from Latécoère clearly is one of this kind and the question is, why this invention is
credited to Barnes Wallis.
But generally a geodesic structure is described as a "much stiffer, lighter and stronger
structure, than the ones, used before" and this, I think, implies consequences for
the internal structure as well, which aren't visible from the outside (even without
the fabric covering), e.g. smaller number of frames and stringers,or lighter frames.
And then the unidentified Latécoère aircraft, which definitely is older, than the Vickers
Wellesley ("A full geodesic structure was first employed in the monoplane that became
the Wellesley bomber" see http://encyclopedia.farlex.com/Wallis,+Barnes+Neville),
is just an external look-alike, without a real geodesic structure ...
 

dan_inbox

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Jemiba said:
What characteristics turns an aircraft structure into a geodesic structure
à la Wallis ? Is it just the grid like basis of the skin ?
From the vague memories of my long-forgotten engineering courses:
Not every grid or truss structure is geodesic.
The characteristic of 'geodesic' is that the disposition of the framing is designed so that their length is minimal. (that's a geography/mathematical topology concept).
Additionally, in engineering, in a geodesic structure the frames are designed so that the stress forces are "conducted along" the frames.

(assuming this makes sense in English)
 

Michel Van

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back to unknown Aircraft

Jemiba said:
But the photo shows a Latécoère aircraft ! I still couldn't identify the type,
maybe it's a Laté XIV (first type with this designation), but it probably is a
pre-1932 design.

are your Sure that is a Latécoère aircraft ? ? ?

look on picture
in That Showroom on top of Wall are two Label with "Caudron"
from Caudron Airplane Company (Société des avions Caudron)!
 

richard

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Hello Jemiba
I don't know much about "geodesic"but I think that it allows a cables free fuselage ,the difference being something like the difference between Antoinette 1911 Monobloc and Junkers J-1 ;The Antoinette was not cantilever ,the Junkers was ...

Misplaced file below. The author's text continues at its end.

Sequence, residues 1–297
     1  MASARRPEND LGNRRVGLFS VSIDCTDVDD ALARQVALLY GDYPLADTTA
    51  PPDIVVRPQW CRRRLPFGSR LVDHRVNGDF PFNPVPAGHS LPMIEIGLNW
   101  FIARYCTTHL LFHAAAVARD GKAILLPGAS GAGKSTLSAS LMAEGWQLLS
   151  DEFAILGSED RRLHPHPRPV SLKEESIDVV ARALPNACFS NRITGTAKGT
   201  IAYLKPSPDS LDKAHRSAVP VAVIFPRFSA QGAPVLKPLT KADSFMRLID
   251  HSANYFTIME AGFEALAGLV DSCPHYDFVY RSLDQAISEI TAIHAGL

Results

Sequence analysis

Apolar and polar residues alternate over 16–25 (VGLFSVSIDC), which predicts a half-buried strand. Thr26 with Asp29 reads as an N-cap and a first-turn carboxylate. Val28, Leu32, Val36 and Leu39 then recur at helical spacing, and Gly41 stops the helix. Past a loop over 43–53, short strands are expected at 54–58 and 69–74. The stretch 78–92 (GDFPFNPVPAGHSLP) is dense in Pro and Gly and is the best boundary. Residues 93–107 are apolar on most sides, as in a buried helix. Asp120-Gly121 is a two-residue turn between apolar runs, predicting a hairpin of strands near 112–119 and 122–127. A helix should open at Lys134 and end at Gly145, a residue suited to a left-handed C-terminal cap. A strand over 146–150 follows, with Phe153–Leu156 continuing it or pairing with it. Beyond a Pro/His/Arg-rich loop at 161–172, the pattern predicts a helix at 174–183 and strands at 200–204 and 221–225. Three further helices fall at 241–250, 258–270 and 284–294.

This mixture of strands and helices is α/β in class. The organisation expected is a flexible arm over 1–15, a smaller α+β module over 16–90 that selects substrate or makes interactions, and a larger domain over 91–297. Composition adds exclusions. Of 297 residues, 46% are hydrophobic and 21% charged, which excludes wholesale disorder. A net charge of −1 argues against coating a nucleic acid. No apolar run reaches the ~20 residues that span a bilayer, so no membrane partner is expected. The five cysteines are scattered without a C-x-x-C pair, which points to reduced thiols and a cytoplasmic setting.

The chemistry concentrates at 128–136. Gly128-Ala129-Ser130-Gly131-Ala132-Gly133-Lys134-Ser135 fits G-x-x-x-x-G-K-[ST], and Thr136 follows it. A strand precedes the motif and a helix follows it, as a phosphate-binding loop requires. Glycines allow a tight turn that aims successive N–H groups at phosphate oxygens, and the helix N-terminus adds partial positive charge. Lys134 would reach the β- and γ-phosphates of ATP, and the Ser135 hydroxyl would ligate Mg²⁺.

The bird is the Latécoère L A T 6:
Source :" Taschenbuch der Luftflotten 1924/5 & 1927 "
 

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Jemiba

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Ok, yesterday the ND-102 and recently this Latécoère aircraft ...
I admit, I really NEED a pair of glasses ! :-[
Richard, you're right, great identification ! Ad in Cunys book on page 43,
there's another and much better photo of the structure. The construction
of the fuselage is described as a "fail safe" method against structural failures.
It was shown on an aerosalon in december 1921 as an absolute novelty.
But even with this photo, I cannot tell the difference to a geodesic structure
à la Wallis ....
 

Simon666

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This topic is a bit old, but I've recently been looking at quantified advantages of geodesicairframe construction but it's hard to find anyone willing to put numbers on how much stronger such a structure is compared to a conventionalone of equal weight and materials. Anyway, I found on http://constructionhistory.bosenet.com/uploadfiles/CHS_Newsletter_65.pdf:

According to the 21st Profile magazine (Aircraft), vol. 1, issue 1, on the Wellington Bomber aircraft, the French aeroplane manufacturer, Latecoere, exhibited their geodesic aircraft - the L.A.T.6 - in Paris in 1921.

So it is geodesic alright and Barnes Wallis didn't invent it, he had been advised to use geodesics for his R101, from the then Professor of Mathematics at University College London.